I have read Premier Bob McLeod’s statement along with various news stories in the past week about his “red alert” and his request for an urgent debate in the House of Commons to address the future of the Northwest Territories. I am puzzled by some of his statements and by his intentions, as I prefer a more collaborative approach to governance. As Member of Parliament for the Northwest Territories I wish to address some of his points.
There is no “permanent ban” on oil exploration and drilling in the Arctic despite what the Premier has repeatedly stated. There is a suspension of new exploratory oil and gas drilling licenses in the Arctic offshore while the Government of Canada works with Northerners and leaseholders to come up with a new, science-based approach to Arctic off shore oil and gas. This moratorium will be revisited in four years.
While I agree that the moratorium could have been better announced and implemented, I believe the timing could not have been better. Exploration activity in the Beaufort peaked in 2008 before sharply declining. In the previous five years only $7.2 Million went to NWT businesses from oil and gas exploration activity in the area. The last new project proposal for the area was indefinitely postponed in 2015. In 2016, Canada invested $9.5 million for a regional environmental assessment in the Beaufort Delta.
As the Premier stated “real reconciliation requires that Indigenous people have both political and economic self-determination”. I could not agree more. The Government of the Northwest Territories will receive over $1.3 Billion through the Territorial Formula Financing Agreement for 2016-2017 from the Government of Canada to provide their residents a range of public services comparable to those offered by provincial governments, at comparable levels of taxation. This amount is before investments through different federal departments for important investments in infrastructure, indigenous languages, and economic and skills development etc. In addition to these investments, I have been making the argument that any new programs should be funded with a formula that recognizes our small population and high cost of delivery through a “base-plus per capita amount” versus a straight “per capita” amount. Also, I have been advocating for Indigenous communities in the NWT to have access to funding that has previously been only accessible to southern reserves. This should be in addition to the funds negotiated and agreed to as part of modern treaty processes, including funding to support the drawing down of powers in self-government agreements. Accessing any additional funding can only be a good thing for our communities. I fully support a direct Crown-Indigenous relationship as part of a true and meaningful reconciliation process.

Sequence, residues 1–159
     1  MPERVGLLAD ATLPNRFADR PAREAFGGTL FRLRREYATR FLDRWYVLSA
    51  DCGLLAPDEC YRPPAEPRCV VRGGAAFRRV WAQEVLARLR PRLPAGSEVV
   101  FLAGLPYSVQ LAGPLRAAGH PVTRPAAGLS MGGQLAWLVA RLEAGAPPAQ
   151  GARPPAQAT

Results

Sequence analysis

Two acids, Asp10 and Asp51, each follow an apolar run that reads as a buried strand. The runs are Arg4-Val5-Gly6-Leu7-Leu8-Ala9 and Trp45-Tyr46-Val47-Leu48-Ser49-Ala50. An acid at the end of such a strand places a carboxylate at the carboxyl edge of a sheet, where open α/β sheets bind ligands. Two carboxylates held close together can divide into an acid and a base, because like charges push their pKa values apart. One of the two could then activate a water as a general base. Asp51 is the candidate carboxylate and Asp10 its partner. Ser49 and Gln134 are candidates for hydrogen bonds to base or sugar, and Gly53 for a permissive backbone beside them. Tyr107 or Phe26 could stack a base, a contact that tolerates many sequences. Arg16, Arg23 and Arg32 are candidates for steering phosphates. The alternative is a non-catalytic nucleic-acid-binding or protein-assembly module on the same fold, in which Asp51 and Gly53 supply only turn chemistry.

The Premier and I are in complete agreement on another issue he mentioned in his statement: “Decisions about the North should be made in the North”. This is exactly what is being done right now, through the development of the Northern Policy Framework that the GNWT co-chairs. Fifteen aboriginal governments are also involved in these discussions. So while we seem to agree that it should be Northerners determining their priorities for social, environmental and economic development, I cannot support nor fully understand the Premier’s request to have 334 Members of Parliament from south of 60 debating our future (just as I wouldn’t be of much assistance in advising the residents of Prince Edward Island on what should be in their economic strategy). In this context, his request is peculiar.
In February of this year, our Prime Minister the Honourable Justin Trudeau announced a Working Group of Ministers to examine relevant federal laws, policies, and operational practices to help ensure the Crown is meeting its constitutional obligations, adhering to international human rights standards and supporting the implementation of the Truth and Reconciliation Commission’s Calls to Action. The Government of the Northwest Territories, of which I was a part of for many years both as MLA and Cabinet Minister, does indeed have a richness of experience and expertise to offer on this review and with Indigenous reconciliation. As such I support and encourage the Working Group to meet with all Indigenous governments in the NWT, as well as to meet with the GNWT as the Premier requested. I am certain it would be very informative.
No red flags necessary.
Member of Parliament, NWT